Your wedding day. Without a doubt, it's one of the most significant events you will ever experience - when you and the love of your life officially seal the deal and get married. On this day, your friends and family will gather to celebrate the next step in your life. Photographers will be running around snapping photos, catering plates delicious food for guests to enjoy, and the DJ sets the mood for a night of fun and libation. You've worked extra hard to make everything look perfect and run smoothly. You have examined every moving part down to the tiniest detail. At the center of all your effort is your wedding venue in Edgefield, SC.
Your event space can mean the difference between an unforgettable event and an average occasion. Capturing your uniqueness as a couple is paramount to a memorable wedding. But, without the right venue location and staff, your unforgettable event can turn into a painfully average occasion. Fortunately, at Abney Hall, you won't ever have to worry about dingy reception spaces and crummy chow halls.
Constructed in Edgefield, SC, in 1962, Abney Hall is 15,000 square feet and sits on 500 acres of land, making it a large wedding venue unlike any other. Abney Hall was originally the home of Mrs. Josephine Abney, a Edgefield native who was a lifelong philanthropist. Mrs. Abney devoted much of her time and effort towards supporting charities, educational institutions, hospitals, and other noble efforts. Today, Abney Hall stands tall as a symbol of love, both in our community and for the couples who choose to get married here.
Abney Hall is an exclusive event experience unlike any other, surrounded by verdant forests and sparkling ponds. Our venue is a natural fit for several occasions, including:
The beginning of your life starts at Abney Hall. With our team by your side, we can create the fairy tale wedding you have dreamed about since childhood. Whether you have 100 guests or 1,000, our waterfront ceremony locations and French-inspired courtyard are perfect for your big day. Celebrate in luxurious style surrounded by shady magnolia trees, a private forest, large ponds, and the beauty of Mother Nature. While our venue location and aesthetic have been praised far and wide, so too have the practical aspects of Abney Hall. Looking for a relaxing, comfortable spot for your bridal party to get ready in? We offer an entire floor in the Abney Hall residence to get the bridal party ready. Want to make your groomsman feel extra-special too? We've got a private, plush house just feet from a sparkling pond that is a proper hangout spot for the guys in your group.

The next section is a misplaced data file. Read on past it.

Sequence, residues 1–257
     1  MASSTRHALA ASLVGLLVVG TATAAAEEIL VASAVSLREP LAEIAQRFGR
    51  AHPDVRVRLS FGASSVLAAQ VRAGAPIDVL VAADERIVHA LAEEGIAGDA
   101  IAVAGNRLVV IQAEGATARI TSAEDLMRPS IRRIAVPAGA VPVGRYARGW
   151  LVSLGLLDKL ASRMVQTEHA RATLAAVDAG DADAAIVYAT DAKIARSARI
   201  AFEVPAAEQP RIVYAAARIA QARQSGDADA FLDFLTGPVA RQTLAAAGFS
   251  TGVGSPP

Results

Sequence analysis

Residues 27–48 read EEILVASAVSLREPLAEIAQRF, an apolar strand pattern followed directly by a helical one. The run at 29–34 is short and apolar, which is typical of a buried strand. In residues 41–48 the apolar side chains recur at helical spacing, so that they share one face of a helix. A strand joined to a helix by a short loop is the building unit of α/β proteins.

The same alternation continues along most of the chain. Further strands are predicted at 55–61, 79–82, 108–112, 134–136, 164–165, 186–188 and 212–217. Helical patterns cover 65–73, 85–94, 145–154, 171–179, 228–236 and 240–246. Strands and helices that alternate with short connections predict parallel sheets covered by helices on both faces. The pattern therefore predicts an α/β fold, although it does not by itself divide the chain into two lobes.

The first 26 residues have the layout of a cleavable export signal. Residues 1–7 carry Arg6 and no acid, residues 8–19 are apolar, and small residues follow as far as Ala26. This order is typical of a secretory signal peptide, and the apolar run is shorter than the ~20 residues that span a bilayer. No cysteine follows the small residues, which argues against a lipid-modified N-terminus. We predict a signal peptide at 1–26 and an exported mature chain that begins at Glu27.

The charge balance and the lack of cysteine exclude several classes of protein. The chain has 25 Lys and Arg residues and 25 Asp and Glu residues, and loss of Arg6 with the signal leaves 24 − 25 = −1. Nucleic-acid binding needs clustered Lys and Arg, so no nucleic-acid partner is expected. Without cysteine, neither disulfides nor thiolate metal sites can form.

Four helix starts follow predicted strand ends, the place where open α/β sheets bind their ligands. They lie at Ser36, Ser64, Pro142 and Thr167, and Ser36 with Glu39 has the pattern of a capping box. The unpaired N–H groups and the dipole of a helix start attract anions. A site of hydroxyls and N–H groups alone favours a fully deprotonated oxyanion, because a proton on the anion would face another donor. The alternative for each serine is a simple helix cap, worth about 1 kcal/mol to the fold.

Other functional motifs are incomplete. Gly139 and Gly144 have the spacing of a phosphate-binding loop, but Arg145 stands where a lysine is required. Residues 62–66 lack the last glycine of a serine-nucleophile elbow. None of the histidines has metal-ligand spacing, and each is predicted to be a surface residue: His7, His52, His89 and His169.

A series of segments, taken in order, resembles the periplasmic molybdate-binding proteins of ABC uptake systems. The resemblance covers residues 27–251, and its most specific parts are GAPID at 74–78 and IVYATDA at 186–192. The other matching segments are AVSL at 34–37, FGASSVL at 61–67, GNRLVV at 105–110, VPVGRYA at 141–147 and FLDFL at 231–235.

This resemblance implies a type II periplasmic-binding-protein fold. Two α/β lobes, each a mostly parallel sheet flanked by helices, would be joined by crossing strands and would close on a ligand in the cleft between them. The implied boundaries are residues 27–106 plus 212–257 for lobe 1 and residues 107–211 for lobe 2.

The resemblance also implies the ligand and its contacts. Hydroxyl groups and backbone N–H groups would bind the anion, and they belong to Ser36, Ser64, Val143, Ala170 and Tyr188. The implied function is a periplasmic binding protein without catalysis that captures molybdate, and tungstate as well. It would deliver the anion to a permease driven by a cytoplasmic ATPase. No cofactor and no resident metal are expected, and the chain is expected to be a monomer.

To make life easier on you, we also offer Abney Hall as your go-to spot for rehearsal dinners. Why book an expensive restaurant or travel to another location when unmatched beauty and convenience are right at your fingertips? Abney Hall is just the place for that very important dinner the night before your big day. We are also happy to host your bridal shower at Abney Hall. Our venue makes for one of Edgefield's most unique bridal shower settings, where your family and friends can gather to give gifts and be merry before you walk down the aisle.
With such a large, magnificent house and a vast property, Abney Hall also makes for an unforgettable location for your bridal portraits and other wedding-related photography needs. Don't take our word for it - book a tour and see for yourself why so many new brides and grooms choose Abney Hall as their wedding venue in Edgefield.
You've already found the person you want to spend the rest of your life beside. The next step? Finding the perfect wedding venue for your ceremony, reception, and celebration of your lifelong commitment to one another. Remember, the backdrop for photos, dancing, eating, and all other activities will be at your wedding venue. That's why we work so hard to set Abney Hall apart from our competitors - so you and your guests can focus on love and living your new life while we work with your vendors and photographers to make your magic night a reality.
Here are just a few reasons why guests choose Abney Hall as their wedding venue in Edgefield, SC, along with some helpful tips from our experienced wedding venue staff: